[Ishmael, the son of the bond-woman, was born according to the common course of nature: but Isaac, the son of the free-woman, was born in a preternatural way, through the more immediate agency of God himself. Thus they, who are under the law, have nothing but what they derive in a natural way from their parents. They may possess strong intellects, and discover many amiable qualities;. but whatsoever they have, it is all carnal; no part of it is spiritual; their reason is carnal reason; their affections are carnal affections. But they, who are under the covenant of grace, are “born of God;” their faculties are all renewed; their views and desires are spiritual; they have “put off the old man, and put on the new;” yea, they are partakers, as far as flesh and blood can be, of a divine nature.” Hence they are called “new creatures;” and are as much distinguished from the mere natural man, as light is from darkness, or Christ from Belial.” This is the first point of distinction which the apostle himself notices; and it is confirmed by the declaration of our Lord,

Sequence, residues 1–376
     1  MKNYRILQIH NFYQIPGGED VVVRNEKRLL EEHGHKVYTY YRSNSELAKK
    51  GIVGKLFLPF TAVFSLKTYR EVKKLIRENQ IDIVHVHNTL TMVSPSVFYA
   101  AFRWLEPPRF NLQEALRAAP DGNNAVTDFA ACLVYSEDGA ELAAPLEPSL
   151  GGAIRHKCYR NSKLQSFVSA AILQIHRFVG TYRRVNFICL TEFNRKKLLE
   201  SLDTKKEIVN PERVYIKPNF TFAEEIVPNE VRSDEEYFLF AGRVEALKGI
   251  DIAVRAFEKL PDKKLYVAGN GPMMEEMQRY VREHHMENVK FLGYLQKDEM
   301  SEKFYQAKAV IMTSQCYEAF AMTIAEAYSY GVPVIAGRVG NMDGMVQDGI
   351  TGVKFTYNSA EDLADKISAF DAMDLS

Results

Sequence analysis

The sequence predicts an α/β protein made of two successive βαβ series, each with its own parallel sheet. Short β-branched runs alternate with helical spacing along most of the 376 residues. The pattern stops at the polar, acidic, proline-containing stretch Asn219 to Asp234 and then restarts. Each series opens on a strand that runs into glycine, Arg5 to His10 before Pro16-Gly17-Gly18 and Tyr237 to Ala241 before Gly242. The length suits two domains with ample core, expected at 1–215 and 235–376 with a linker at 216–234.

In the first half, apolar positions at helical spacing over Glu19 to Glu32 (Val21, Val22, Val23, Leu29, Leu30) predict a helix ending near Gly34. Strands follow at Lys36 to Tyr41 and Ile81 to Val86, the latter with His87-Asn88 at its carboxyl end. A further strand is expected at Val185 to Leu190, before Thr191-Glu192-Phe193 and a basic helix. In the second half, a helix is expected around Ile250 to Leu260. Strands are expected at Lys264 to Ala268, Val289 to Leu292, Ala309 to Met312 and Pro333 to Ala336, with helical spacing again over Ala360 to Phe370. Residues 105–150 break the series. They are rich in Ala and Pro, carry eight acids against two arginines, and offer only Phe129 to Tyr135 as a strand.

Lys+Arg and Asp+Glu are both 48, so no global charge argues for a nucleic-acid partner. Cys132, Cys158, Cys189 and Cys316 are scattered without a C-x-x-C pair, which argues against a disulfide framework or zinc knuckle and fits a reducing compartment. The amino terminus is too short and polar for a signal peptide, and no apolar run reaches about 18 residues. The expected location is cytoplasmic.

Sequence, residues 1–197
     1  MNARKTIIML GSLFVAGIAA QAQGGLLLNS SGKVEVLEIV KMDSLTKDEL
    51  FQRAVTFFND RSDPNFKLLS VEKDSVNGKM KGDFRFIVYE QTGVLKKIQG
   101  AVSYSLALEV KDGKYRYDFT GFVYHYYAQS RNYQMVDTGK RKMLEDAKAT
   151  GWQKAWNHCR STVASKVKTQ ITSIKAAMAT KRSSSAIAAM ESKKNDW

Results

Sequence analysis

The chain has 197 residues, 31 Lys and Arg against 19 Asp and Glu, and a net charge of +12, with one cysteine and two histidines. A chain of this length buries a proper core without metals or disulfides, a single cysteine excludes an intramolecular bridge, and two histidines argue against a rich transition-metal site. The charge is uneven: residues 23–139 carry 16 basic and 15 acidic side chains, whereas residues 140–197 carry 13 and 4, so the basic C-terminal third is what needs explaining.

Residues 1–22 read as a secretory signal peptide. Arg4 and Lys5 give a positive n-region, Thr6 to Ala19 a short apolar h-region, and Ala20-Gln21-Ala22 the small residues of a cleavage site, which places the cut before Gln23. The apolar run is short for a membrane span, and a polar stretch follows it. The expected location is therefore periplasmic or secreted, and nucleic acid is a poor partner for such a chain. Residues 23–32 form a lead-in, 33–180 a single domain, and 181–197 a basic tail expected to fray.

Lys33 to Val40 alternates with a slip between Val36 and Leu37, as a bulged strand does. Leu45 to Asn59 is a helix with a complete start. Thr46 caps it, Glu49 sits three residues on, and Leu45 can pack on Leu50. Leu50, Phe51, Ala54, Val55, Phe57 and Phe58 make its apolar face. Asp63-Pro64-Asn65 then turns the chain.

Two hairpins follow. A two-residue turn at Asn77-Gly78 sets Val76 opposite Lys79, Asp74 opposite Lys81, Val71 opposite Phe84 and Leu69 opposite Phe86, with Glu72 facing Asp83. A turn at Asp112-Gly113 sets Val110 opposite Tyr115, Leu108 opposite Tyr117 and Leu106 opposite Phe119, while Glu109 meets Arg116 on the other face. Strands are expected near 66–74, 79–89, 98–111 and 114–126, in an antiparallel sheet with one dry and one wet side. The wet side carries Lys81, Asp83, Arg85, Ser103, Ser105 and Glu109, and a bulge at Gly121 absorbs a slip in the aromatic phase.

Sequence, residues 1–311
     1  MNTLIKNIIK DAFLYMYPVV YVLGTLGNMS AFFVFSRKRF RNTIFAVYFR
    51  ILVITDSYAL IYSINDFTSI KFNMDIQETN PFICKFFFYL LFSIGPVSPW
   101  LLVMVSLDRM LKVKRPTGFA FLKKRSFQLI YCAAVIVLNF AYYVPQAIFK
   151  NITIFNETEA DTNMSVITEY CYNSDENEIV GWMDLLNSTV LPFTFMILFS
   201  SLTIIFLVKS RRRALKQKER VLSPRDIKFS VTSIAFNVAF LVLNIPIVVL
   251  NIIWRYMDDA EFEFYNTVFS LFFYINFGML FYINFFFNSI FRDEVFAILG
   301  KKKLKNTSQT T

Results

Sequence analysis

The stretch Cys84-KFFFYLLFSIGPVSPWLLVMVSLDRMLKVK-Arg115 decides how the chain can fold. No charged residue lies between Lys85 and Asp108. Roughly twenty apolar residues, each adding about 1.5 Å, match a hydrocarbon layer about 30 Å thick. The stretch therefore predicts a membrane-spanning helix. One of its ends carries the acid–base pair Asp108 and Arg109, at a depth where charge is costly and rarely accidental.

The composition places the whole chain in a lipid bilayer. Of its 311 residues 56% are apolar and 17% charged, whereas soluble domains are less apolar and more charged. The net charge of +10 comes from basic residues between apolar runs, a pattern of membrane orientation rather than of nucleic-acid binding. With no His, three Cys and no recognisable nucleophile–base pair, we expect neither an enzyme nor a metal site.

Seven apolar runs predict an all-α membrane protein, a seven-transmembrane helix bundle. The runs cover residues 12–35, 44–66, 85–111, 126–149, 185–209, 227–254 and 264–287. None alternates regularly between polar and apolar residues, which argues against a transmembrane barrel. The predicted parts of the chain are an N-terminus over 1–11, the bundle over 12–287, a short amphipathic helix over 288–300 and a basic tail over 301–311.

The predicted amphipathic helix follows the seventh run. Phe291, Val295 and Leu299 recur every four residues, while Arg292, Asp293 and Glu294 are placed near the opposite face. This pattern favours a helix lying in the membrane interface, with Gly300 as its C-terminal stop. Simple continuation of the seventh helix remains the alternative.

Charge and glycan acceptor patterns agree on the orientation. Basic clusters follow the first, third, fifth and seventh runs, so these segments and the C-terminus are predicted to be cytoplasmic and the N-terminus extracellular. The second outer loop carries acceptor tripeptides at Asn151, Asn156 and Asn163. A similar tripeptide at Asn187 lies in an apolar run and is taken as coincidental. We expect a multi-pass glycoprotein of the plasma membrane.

* 2 Pet, i. 4. ' - 2 Cor. vi. 14, 15.
(107.) TYPES OF THE TWO COVENANTS, 23
that whatsoever is born of the flesh is carnal; whereas, that which is born of the Spirit (as all, who embrace the new covenant, are) is spiritual."
II. In their disposition
- - * * . * Ver, 23, with John iii. 6. d Ver. 24, 25, with Rom. viii. 15,
not of the world, but I have chosen you out of the world, there-
in dependance on God's word, he had professed to expect.
Nor was the difference made merely through the partiality of
will they find at last, that their confidence was presumption,